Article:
BOSSY at Brentwood Theatre

A happy, homespun Hairspray from BOSSY, in fine Sixties style, musically and wardrobe-wise.
Gaynor Wilson's production keeps the setting simple – a nice vertical bed for Tracy's awakening – while Andy Prideaux's quartet sets the musical pace, with a prominent role for that essential sax. Some impressive ensemble numbers: the mother and daughter sextet, the Council members in the title number, the joyous Can't Stop the Beat finale.
And plenty of punchy performances from an energetic cast – I saw the Thursday company. An immensely likeable Tracy from Tia Stack, pint-sized rabble rouser and would-be teenage Jezebel. She has the character to perfection, and brings energy and elan to all her numbers. Michael Percival is her mother, feisty and voluminously dressed, with Adam Ellis as her dad, the extrovert joke store manager, and Dan Pugh as her love interest, the heart-throb Link Larkin. The bigoted baddies include Ellie Lovelace's Velma – a magnetic stage presence – and her daughter Amber [Grace Frost]. A lovely, gawky Penny Pingleton from Cloe Lee, and a great glib Corny from Joe Folley.
Jeremy Lawal-Champion impresses as Seaweed, son of Motormouth Maybelle, nicely done by Tomi Bello, especially in her act two anthem, and her “big, blonde and beautiful” act one finale.
Lots of fine character work in the cast, including doubles from Will Loader as Mr Pinky and Brad, and Owen Jackson as the penitentiary official and Mr Spritzer, President of Ultra Clutch, proud sponsor of the Corny Collins TV show.

Saturday, April 08, 2017


Marlborough Dramatic Club at the Memorial Hall, Brentwood School


Michael Frayn's neat English version – Gambon its first Vanya, I believe – fits four acts into an audience-friendly couple of hours; even slicker in William Wells' production, with all the action set in the garden of Serebryakov's dacha.
The sombre mood is set before lights down – the samovar, Jean Morgan's nanna Marina knitting, Astrov reading. And at the end, the final moments of tearful optimism, as those left behind prepare to live out their wretched lives.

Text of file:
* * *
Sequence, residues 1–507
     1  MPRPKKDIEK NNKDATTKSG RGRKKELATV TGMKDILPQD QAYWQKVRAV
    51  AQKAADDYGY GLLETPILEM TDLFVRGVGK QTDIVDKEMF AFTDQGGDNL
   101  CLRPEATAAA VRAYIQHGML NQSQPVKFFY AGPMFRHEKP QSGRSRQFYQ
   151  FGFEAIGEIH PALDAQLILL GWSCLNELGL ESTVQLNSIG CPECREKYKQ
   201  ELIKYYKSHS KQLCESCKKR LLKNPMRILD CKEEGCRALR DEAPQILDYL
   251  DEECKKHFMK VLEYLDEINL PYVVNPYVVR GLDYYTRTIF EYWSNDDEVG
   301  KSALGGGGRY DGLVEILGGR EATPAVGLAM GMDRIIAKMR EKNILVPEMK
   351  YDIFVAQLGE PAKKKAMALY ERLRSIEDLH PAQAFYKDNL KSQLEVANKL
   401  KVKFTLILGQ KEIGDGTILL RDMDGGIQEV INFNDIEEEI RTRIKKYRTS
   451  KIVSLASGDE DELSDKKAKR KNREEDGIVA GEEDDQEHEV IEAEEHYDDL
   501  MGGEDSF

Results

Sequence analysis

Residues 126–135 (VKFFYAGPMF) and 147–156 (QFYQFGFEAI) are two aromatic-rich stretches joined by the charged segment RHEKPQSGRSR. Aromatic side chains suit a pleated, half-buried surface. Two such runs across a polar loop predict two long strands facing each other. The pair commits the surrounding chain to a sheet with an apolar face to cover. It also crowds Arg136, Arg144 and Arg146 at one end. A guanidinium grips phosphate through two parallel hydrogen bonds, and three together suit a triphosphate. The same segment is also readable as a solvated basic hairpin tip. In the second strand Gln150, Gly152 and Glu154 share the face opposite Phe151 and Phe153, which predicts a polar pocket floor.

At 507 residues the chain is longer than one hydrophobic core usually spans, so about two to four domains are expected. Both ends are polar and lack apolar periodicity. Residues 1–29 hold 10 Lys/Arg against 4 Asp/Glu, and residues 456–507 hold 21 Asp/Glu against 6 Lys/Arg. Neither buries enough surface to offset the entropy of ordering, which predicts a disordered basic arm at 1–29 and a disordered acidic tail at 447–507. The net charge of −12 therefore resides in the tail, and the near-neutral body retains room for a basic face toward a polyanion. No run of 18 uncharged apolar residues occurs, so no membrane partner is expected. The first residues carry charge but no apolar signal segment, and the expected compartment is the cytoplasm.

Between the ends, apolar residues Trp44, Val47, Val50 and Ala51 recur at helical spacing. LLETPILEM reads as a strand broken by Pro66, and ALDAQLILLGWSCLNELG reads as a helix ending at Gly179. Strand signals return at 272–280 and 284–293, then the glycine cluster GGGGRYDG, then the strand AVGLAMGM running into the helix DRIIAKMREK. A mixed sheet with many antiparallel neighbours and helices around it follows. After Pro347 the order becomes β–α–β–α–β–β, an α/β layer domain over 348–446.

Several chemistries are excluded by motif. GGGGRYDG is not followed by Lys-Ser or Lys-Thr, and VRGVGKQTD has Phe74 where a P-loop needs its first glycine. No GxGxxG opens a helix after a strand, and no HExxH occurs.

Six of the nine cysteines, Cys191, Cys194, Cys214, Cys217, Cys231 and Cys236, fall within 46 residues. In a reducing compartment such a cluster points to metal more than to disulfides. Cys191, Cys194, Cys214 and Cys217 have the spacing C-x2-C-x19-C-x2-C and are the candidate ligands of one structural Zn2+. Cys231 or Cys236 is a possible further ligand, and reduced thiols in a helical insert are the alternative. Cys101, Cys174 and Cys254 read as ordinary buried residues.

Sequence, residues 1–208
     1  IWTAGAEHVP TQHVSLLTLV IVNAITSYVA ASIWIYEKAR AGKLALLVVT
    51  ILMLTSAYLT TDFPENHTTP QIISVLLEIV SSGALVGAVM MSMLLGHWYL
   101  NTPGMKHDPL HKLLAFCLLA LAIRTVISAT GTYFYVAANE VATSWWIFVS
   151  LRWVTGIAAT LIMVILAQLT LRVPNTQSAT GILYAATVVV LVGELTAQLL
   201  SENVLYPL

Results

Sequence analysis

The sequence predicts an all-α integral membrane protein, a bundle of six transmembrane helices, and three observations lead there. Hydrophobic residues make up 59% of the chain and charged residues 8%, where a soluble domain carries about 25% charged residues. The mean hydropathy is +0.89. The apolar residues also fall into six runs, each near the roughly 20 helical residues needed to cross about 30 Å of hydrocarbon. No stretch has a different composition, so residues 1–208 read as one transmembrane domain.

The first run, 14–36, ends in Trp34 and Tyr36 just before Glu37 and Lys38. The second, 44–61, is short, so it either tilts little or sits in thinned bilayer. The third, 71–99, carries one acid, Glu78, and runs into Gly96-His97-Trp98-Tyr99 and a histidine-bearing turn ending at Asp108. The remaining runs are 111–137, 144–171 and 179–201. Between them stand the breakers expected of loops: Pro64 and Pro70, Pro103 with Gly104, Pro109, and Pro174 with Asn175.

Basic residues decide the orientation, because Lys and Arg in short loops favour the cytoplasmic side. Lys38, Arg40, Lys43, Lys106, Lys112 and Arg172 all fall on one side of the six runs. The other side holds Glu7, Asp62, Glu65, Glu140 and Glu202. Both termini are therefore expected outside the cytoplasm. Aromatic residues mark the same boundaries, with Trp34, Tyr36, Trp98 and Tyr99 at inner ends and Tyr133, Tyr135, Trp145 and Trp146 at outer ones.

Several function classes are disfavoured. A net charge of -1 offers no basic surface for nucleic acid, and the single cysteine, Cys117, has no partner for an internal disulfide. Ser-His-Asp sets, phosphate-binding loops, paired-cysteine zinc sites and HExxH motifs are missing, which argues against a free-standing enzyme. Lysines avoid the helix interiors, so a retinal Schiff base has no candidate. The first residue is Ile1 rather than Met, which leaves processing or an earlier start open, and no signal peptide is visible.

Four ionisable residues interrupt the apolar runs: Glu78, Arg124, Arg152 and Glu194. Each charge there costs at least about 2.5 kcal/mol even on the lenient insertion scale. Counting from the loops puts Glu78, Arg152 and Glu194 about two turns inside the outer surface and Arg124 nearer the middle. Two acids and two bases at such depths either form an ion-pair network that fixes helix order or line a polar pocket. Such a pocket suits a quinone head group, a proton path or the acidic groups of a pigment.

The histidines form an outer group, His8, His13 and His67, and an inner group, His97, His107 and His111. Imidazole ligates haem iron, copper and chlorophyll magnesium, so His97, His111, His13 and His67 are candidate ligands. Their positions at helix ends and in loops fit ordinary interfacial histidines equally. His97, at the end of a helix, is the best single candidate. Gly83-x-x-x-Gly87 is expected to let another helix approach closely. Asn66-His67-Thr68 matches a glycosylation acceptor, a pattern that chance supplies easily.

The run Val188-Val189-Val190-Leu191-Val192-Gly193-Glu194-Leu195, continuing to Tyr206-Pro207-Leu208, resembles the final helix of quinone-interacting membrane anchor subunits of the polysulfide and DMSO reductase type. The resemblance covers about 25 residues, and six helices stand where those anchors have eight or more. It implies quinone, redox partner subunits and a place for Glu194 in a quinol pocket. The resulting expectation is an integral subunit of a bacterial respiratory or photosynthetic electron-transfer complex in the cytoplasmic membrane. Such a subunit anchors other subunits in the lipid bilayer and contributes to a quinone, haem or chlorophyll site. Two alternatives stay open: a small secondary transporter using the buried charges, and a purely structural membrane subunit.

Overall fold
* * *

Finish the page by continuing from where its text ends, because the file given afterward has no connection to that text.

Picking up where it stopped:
A compelling Vanya from Darren Hannant, his untidy idler contrasting with his smartly suited friend Dr Astrov [Gavin Leary]. Sara Thompson is the plain, unloved Sonya, her clumsy attempt at seduction one of several moving moments. The elegant Yelena, the professor's young second wife, is stylishly done by Juliette Bird. Good support from an equally stylish Margaret Corry as Vanya's mother, and Harry Morrison as the pathetic, desiccated Telegin.
This polished production has many telling moments: an impressive entrance through the audience for the “great scholar” [Keith Morgan] and his party, the carefully plotted trio that begins Act Three, the dramatic impetus sustained right through to Yelena's soliloquy, Vanya's rant, and his desperate disillusionment in a speech which he starts slumped with his back to the audience.


Chelmsford Theatre Workshop at the Old Court


Harvey first “appeared” on Broadway a lifetime ago, but this pooka pal has remained popular ever since, due in part to the Jimmy Stewart movie.
Now he's haunting the Old Court stage, in a gently amusing production by Jade Flack.
Elwood P Dowd, “the biggest screwball in town” and the rabbit's constant companion, is given a warmly absorbing performance by Dave Hawkes, perfectly capturing the sunny innocence of this harmless eccentric. Strong in support are Lynne Foster as his desperate sister, with some great moments of physical comedy, and Alec Clements as Sanderson, the callow, charismatic junior doctor at the sanatorium run by Dr Chumley [Jesse Powis in a memorable bow tie].
Not all the performances are quite as assured as Hawkes', but there are nice cameos from Stephanie Yorke-Edwards as Mrs Chumley, Fabienne Hanley as Aunt Ethel, and Ian Russell as the all-important cab driver.
Not many laughs on a thin Friday night, despite the sterling efforts of some experienced performers, but some excellent work in key scenes; Sanderson getting advice from Dowd, or left alone on stage with Ruth [Jade Flack].
And the scene changes from The Dowd Library to Chumley's Rest are very efficiently managed.